18 July 1919: Élise Léontine Deroche was at Le Crotoy in northern France, co-piloting an experimental airplane, a civil variant of the Caudron G.3. The aircraft suddenly pitched down and crashed, killing Deroche and the pilot, M. Barrault. Mme Deroche was 36 years old.
According to a notice in Flight, “What happened is not very clear, but it would seem that the machine in which she was flying overturned during a trial flight. Baroness de la Roche was killed instantly and the pilot, Barrault, died very shortly afterwards.”
Élisa Léontine Deroche was born 22 August 1882 at nº 61, Rue de la Verrerie, in the 4e arrondissement, Paris, France. She was the daughter of Charles François Deroche, a plumber, and Christine Calydon Gaillard Deroche. In her early life she had hoped to be a singer, dancer and actress. Mlle. Deroche used the stage name, “Raymonde de Laroche.”
Mlle. Deroche married M. Louis Léopold Thadome in Paris, 4 August 1900. They divorced 28 June 1909.
She had a romantic relationship with sculptor Ferdinand Léon Delagrange, who was also one of the earliest aviators, and it was he who inspired her to become a pilot herself. They had a son, André, born in 1909. Delagrange was killed in an airplane accident in 1910. They never married.
After four months of training at Chalons, under M. Chateu,¹ an instructor for Voison, Mme Deroche made her first solo flight on Friday, 22 October 1909. On 8 March 1910, Élisa Léontine Deroche was the first woman to become a licensed pilot when she was issued Pilot License No. 36 by the Aéro-Club de France.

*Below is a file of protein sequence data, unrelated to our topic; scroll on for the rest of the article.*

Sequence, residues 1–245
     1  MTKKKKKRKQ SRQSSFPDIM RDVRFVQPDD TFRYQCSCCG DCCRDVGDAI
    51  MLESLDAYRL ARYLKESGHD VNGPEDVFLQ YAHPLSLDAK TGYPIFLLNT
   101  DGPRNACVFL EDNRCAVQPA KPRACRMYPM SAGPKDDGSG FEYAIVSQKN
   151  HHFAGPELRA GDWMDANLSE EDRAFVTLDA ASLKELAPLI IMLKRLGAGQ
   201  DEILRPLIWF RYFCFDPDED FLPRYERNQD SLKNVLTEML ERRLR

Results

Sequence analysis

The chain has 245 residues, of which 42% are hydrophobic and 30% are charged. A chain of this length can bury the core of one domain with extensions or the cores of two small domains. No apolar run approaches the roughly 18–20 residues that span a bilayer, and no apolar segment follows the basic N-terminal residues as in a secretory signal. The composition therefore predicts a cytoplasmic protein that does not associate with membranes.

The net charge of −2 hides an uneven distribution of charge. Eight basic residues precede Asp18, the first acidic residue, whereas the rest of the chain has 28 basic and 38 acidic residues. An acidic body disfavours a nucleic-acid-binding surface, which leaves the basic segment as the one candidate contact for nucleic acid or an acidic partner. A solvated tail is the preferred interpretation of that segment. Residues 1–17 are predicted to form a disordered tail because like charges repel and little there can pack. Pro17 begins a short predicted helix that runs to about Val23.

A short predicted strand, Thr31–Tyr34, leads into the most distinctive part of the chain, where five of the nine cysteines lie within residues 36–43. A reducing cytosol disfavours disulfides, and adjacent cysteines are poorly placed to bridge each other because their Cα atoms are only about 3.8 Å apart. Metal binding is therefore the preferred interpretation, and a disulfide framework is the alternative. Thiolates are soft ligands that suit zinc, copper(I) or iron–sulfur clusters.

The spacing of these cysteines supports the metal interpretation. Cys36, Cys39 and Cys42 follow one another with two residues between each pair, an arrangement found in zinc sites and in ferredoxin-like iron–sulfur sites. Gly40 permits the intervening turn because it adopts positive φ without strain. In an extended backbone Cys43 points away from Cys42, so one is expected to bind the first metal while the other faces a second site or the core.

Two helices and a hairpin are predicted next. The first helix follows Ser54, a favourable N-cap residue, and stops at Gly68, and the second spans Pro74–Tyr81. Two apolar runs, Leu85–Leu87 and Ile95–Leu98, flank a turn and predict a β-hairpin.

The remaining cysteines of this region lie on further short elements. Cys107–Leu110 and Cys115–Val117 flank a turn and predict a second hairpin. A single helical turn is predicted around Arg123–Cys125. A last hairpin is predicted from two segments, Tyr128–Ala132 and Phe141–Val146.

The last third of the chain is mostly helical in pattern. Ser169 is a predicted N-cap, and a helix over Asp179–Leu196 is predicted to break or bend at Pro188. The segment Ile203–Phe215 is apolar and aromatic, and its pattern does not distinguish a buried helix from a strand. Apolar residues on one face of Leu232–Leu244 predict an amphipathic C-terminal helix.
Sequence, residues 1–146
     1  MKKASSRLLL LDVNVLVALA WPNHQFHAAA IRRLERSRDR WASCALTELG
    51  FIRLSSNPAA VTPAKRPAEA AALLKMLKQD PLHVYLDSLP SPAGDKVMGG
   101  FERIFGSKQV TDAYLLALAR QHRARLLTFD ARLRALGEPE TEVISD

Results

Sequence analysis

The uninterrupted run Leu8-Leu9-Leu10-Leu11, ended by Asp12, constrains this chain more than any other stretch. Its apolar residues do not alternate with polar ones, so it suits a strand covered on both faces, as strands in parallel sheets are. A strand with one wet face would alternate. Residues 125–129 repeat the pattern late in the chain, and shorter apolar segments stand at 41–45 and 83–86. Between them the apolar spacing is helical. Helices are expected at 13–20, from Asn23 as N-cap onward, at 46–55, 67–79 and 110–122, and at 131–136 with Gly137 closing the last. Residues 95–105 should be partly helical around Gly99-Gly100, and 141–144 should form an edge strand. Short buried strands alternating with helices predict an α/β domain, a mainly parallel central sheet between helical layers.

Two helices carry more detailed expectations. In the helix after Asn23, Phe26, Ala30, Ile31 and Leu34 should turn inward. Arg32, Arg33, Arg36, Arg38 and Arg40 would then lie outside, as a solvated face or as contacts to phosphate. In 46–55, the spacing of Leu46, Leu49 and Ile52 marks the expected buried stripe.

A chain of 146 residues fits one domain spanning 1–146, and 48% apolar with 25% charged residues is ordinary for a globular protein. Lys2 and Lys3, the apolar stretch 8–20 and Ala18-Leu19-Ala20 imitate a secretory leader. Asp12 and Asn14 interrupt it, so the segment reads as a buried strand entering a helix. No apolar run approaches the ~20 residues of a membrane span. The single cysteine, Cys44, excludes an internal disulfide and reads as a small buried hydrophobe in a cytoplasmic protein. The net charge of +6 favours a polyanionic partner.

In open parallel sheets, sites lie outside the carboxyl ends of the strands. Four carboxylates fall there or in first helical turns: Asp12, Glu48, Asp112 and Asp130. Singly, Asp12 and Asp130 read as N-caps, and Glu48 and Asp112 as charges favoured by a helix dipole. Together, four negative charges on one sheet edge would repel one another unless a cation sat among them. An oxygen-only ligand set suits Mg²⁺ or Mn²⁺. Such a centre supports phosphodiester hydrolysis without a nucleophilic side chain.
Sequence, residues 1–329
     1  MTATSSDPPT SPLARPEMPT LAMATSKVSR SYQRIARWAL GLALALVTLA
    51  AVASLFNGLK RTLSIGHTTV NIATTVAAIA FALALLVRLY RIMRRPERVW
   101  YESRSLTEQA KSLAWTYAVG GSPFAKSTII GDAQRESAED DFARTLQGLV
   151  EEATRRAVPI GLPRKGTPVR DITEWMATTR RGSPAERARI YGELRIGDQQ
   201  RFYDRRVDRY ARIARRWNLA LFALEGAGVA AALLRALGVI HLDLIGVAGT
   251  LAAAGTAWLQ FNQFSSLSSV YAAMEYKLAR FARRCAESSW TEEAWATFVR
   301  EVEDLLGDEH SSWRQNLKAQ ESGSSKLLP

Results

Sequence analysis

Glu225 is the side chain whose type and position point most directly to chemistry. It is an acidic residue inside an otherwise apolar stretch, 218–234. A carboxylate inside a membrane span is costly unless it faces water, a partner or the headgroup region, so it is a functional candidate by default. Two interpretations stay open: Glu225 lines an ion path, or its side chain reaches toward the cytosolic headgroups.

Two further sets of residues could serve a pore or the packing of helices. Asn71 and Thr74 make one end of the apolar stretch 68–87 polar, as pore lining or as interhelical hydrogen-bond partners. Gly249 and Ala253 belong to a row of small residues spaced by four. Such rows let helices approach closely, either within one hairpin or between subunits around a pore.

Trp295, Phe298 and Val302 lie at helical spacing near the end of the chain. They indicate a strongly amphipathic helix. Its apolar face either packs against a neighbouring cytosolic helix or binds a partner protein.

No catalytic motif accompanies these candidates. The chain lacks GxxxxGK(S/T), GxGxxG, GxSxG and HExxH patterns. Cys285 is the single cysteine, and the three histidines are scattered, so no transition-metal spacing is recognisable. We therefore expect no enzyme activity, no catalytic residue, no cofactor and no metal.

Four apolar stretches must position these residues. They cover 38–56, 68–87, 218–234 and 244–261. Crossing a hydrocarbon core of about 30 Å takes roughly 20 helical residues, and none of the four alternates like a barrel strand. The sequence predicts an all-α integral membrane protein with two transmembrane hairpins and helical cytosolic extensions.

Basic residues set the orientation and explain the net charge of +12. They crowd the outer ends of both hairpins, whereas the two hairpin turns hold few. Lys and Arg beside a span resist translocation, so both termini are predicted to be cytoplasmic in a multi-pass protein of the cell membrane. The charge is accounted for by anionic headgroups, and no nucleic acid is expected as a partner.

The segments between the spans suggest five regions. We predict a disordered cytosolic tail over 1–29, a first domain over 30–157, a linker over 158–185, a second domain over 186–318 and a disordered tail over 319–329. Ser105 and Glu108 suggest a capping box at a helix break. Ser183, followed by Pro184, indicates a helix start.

In a 30 October 1909 article about her solo flight, Flight & The Aircraft Engineer referred to Mme. Deroche as “Baroness de la Roche.” This erroneous title of nobility stayed with her in the public consciousness. Deroche participated in various air meets, and on 25 November 1913, made a non-stop, long-distance flight of four hours duration, for which she was awarded the Coupe Femina by the French magazine, Femina.
On 20 February 1915, Mme. Deroche married Jacques Vial at Meudon, Hauts de Seine, Île-de-France, France.
During World War I she was not allowed to fly so she served as a military driver.
Many sources report that Mme Deroche set two altitude records at Issy-les Moulineaux in June 1919, just weeks before her death. One, for example, is said to have been 5,150 meters (16,896 feet), 12 June 1919. The Fédération Aéronautique Internationale (FAI), however, did not recognize records set by women until 28 June 1929.
Élisa Léontine Deroche was buried at the Cimetière du Père-Lachaise, Paris, France.
¹ Sous Lieutenant Jean Pie Hyacinthe Paul Jerome Casale, Marquis de Montferato
© 2018, Bryan R. Swopesby